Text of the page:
Gilbert Law Dictionary defines Constitution as “a system of basic laws and principles by which a nation, state, corporation or other organization is governed.” Business dictionary.com defines “constitution as a fundamental and entrenched rules governing the conduct of an organization or nation state, and establishing its concept, character, and structure.”

It can be deduced from these definitions that a constitution directs the actions and activities of people in charge of the affairs for the entity it is created. Therefore, as our constitution was created for the purposes of a country, its governors must align their actions to the principles, rules, regulations and laws stated, implied or envisaged in the constitution. Anything contrary or in violation of the constitution is null and void ab initio. Thus, the 1997 Constitution is the fundamental and supreme law of The Gambia.




There is no universally acceptable definition of memorandum of understanding (MOU). I found the definition provided by Law Teachers particularly instructive. They define memorandum of understanding (MOU) as “a document describing a bilateral or multilateral agreement between parties. It’s most often used in cases where parties either do not imply a legal commitment or situations where the parties cannot create a legally enforcement agreements. It is more a formal alternative to a gentlemen’s agreement.”

A memorandum of understanding does not generally have the force of law and by that it does not generally create a binding agreement, as does a contract. As stated in the definition, people generally resort to MOU where they either do not intent a legal commitment or found themselves in a situation they could not create a legally enforceable agreement. The latter is what happened to the Coalition. They intended to have a legally binding document but found themselves in a position they couldn’t create a legally enforceable agreement. That was the reason they came up with an agreement in the form of a MOU.




As highlighted in the introduction, the most heated debate surrounding President Barrow and the Coalition is whether to honor the MOU or comply with the Constitution. The Coalition leaders are passionately divided on this issue, as are their ardent supporters. When Barrow was asked whether he would honor the three years agreement, he responded in the affirmative, but with a caveat that they may go back to the negotiating table if the need arises. When Halifa Sallah was asked he said he expects Barrow to honor the agreement. This notwithstanding, he alluded that he was also opened to the possibility of re-negotiating the tenure of the flag-bearer. When Lawyer Darboe was asked he said that the constitution provided for a five-year term, and that if President Barrow is to serve less than the full term, he will personally challenge it in the Supreme Court of The Gambia. Having briefly explained the position of some of the coalition leadership and their supporters, now lets see what the two documents say.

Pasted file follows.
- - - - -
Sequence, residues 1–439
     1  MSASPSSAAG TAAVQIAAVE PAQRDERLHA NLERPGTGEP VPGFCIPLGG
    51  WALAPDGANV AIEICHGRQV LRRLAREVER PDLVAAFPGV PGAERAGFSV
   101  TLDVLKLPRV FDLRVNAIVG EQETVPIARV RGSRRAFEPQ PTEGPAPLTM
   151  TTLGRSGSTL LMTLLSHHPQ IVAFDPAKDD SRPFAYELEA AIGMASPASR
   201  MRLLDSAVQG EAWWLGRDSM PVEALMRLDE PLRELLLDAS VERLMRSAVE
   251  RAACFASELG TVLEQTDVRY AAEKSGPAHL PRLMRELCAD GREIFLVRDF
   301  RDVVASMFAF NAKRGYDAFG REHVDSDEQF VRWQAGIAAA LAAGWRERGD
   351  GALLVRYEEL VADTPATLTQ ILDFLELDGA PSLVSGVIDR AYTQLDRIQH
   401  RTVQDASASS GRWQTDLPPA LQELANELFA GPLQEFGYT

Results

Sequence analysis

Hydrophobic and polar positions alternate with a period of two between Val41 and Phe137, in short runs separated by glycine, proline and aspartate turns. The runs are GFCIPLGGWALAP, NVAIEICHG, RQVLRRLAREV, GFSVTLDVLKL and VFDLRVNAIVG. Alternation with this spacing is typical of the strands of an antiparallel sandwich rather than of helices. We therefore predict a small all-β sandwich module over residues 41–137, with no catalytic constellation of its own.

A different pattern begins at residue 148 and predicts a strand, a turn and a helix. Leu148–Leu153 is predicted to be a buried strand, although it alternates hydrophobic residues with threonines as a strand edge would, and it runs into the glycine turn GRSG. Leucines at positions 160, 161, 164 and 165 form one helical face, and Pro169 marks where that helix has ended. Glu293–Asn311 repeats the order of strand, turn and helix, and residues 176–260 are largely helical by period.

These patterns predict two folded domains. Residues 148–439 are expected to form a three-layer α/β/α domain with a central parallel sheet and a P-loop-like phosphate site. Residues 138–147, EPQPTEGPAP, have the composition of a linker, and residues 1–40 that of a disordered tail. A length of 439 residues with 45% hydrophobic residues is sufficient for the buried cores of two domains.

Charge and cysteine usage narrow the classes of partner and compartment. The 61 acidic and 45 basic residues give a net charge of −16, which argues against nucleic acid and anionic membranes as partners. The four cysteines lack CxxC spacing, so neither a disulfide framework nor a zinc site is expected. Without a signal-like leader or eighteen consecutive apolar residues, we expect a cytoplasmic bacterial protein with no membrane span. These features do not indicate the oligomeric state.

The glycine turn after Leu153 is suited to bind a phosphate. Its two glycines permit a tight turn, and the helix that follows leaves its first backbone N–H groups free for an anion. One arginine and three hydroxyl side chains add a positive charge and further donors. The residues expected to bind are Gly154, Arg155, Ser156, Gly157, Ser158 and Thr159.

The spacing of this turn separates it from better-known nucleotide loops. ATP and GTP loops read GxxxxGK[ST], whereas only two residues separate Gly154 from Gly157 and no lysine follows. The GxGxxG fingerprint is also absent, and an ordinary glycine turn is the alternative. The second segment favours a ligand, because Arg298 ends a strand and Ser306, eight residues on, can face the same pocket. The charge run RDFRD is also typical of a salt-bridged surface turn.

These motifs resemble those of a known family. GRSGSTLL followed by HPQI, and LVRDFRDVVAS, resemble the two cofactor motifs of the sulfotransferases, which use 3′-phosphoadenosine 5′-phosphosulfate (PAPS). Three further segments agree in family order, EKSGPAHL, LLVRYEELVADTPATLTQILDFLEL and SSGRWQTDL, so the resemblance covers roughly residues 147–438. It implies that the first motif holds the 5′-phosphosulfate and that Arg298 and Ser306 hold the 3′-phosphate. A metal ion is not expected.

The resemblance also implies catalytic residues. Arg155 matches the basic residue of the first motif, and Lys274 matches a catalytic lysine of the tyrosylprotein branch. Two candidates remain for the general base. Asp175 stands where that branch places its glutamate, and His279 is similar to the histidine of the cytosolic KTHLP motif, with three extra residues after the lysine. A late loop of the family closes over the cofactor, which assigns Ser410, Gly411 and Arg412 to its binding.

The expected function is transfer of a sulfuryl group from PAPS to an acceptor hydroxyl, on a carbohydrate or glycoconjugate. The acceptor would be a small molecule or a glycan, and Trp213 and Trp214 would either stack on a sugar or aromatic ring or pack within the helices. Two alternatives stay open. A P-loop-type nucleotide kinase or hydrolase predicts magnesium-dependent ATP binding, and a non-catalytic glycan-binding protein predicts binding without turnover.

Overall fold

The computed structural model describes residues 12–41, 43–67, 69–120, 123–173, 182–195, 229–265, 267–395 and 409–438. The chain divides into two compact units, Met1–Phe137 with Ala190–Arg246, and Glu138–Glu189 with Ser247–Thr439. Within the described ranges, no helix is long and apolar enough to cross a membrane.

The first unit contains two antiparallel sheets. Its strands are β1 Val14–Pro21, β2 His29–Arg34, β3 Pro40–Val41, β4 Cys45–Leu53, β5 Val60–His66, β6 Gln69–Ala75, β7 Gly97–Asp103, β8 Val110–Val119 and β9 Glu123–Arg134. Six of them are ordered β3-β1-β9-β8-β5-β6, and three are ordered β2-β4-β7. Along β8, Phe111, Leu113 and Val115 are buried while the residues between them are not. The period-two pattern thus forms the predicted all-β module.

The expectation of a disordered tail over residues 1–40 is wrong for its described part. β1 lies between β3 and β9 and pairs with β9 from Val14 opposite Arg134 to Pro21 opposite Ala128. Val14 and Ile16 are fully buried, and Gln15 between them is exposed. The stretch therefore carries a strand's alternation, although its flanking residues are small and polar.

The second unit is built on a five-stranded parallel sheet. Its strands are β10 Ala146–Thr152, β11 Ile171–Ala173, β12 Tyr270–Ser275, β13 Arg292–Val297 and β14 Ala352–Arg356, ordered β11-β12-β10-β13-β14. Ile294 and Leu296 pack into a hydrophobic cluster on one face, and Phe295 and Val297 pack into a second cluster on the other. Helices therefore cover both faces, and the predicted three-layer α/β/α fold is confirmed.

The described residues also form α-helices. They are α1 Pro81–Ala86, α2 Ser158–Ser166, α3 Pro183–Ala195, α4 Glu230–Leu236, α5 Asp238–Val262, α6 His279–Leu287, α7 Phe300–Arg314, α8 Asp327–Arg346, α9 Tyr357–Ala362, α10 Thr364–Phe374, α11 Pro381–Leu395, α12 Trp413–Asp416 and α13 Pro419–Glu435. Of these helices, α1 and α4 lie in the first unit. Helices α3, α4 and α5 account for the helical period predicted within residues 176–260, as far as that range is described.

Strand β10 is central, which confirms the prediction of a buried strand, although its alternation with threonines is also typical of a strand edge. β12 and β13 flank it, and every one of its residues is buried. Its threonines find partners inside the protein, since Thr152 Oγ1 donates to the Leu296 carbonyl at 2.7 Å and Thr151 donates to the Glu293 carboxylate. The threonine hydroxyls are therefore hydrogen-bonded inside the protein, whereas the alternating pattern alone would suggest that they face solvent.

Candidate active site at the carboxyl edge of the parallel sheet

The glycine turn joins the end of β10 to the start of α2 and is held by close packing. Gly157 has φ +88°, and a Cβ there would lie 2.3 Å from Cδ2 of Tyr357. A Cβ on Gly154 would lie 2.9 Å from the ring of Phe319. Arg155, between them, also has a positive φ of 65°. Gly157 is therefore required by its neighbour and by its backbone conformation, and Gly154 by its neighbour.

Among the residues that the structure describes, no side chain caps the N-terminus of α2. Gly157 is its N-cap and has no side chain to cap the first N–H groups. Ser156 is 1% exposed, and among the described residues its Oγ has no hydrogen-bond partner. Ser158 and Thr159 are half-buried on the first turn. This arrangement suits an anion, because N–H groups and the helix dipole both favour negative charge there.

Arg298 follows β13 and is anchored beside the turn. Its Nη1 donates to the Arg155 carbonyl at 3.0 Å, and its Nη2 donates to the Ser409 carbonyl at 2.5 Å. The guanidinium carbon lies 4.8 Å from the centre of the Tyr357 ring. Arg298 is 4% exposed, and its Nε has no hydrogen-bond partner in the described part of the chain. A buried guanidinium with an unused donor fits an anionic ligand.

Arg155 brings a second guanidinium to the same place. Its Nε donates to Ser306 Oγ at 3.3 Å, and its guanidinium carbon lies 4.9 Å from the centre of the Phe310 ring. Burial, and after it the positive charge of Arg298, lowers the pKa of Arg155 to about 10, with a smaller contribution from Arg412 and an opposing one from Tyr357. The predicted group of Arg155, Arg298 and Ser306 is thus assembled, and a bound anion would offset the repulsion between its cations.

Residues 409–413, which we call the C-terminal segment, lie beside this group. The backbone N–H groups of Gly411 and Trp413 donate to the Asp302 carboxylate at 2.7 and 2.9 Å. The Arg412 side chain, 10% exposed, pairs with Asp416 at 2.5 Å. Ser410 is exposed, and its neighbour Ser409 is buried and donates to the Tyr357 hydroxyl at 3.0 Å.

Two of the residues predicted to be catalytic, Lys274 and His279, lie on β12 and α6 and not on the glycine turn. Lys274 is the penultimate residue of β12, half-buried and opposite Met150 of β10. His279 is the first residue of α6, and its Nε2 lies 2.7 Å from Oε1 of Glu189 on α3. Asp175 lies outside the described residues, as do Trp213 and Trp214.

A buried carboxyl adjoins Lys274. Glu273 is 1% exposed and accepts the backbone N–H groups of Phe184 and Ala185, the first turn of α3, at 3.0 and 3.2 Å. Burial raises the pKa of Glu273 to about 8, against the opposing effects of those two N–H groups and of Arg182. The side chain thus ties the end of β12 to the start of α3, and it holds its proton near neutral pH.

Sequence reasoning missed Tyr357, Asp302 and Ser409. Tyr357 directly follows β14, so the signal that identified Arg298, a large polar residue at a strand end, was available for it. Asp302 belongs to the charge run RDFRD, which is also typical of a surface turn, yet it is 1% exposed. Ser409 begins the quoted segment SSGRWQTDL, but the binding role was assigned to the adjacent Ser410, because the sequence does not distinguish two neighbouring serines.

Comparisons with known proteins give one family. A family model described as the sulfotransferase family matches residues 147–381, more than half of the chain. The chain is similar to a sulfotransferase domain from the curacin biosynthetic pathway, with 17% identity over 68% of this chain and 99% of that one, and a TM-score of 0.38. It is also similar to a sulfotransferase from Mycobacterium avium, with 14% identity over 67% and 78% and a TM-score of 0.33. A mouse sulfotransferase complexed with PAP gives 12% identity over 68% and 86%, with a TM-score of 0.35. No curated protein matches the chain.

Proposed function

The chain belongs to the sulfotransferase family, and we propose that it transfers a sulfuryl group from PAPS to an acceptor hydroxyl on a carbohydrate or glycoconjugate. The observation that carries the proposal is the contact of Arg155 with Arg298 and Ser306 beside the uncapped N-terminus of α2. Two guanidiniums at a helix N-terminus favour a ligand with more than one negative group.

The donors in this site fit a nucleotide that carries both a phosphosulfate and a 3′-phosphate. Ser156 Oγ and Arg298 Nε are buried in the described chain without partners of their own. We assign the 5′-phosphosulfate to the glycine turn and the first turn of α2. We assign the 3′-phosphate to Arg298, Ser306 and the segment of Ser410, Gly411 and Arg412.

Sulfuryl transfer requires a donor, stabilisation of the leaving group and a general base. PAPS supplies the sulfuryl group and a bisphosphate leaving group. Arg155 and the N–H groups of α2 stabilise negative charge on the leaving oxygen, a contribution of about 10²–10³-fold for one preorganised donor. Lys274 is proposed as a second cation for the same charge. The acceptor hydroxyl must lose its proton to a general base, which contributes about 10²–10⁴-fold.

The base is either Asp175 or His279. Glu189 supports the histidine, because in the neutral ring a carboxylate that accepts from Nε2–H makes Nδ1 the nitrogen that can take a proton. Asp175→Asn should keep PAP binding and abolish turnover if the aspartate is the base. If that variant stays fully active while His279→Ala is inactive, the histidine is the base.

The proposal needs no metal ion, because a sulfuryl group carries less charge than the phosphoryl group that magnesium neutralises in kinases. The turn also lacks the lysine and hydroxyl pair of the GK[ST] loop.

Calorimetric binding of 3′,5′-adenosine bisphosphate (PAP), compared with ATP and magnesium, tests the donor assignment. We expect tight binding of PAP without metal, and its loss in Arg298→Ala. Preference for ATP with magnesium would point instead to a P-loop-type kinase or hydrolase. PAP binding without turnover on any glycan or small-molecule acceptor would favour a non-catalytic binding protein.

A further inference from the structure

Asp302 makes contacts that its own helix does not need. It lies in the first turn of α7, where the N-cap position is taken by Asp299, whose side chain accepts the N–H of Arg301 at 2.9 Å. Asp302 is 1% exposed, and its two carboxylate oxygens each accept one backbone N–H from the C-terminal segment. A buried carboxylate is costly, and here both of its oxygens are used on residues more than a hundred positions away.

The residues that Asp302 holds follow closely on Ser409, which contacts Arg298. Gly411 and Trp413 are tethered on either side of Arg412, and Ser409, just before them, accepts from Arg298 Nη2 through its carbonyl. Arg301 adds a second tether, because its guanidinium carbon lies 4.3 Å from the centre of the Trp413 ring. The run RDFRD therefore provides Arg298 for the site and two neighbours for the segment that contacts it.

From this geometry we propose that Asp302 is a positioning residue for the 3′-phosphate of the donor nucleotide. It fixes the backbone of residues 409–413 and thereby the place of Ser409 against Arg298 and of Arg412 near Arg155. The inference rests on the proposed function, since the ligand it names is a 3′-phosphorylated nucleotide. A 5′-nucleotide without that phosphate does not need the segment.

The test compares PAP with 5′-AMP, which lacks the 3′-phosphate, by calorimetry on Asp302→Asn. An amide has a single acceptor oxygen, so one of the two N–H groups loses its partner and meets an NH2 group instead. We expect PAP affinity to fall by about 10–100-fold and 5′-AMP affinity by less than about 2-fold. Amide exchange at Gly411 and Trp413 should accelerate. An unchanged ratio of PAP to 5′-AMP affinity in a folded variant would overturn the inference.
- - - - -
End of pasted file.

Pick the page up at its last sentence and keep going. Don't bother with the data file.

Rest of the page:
Section 63(1) of the Constitution provides that “ The term of office of an elected President shall subject to subsection (3) and (6), be for a term of five years;…” The MOU, on the other hand, provides under the heading Organs of the Coalition that “…The person elected at a National Convention of The Coalition who stands as an Independent Candidate belonging to no party shall be supported by the Coalition as Flag Bearer…The flag bearer will…a) Head a transitional government for a period of three years”



The Gambia, like many democratic states, exercises what is called constitutional sovereignty. Constitutional sovereignty in a nutshell means the supremacy of the constitution, which is the expressed written will of the people. That is why in The Gambia, the Constitution is regarded as the supreme law of the land. The superiority of the Constitution over all other laws is as stipulated in Section 4 of the constitution of the Gambia. The said section provides that:

This constitution is the supreme law of the Gambia and any other law found to be inconsistence with any provision of this constitution shall, to the extent of the inconsistency shall be void.

Evidently, by virtue of the aforementioned section, the Constitution does not only have the force of law, it is the law that all other laws must conform to. The Constitution of The Gambia overrides any law or agreement (contracts, MoUs, Letters of Intent, etc.,). Thus, any law or agreement that is contrary or that violates any of the provisions of the Constitution, such law or agreement, if challenged in court will be invalidated.

The Coalition MOU, on the other hand, does not have the force of law for it cannot be enforced in any court of law in The Gambia to the extent inconsistent with the Constitution. And even where it could, it must be in conformity with the Constitution of The Gambia. In this circumstance (or any other circumstance), any agreement be it an MOU or a contract must conform to the Constitution of The Gambia for it to have the backing of the law. Premised on the aforesaid, the Constitution of The Gambia will prevail over the Coalition MOU.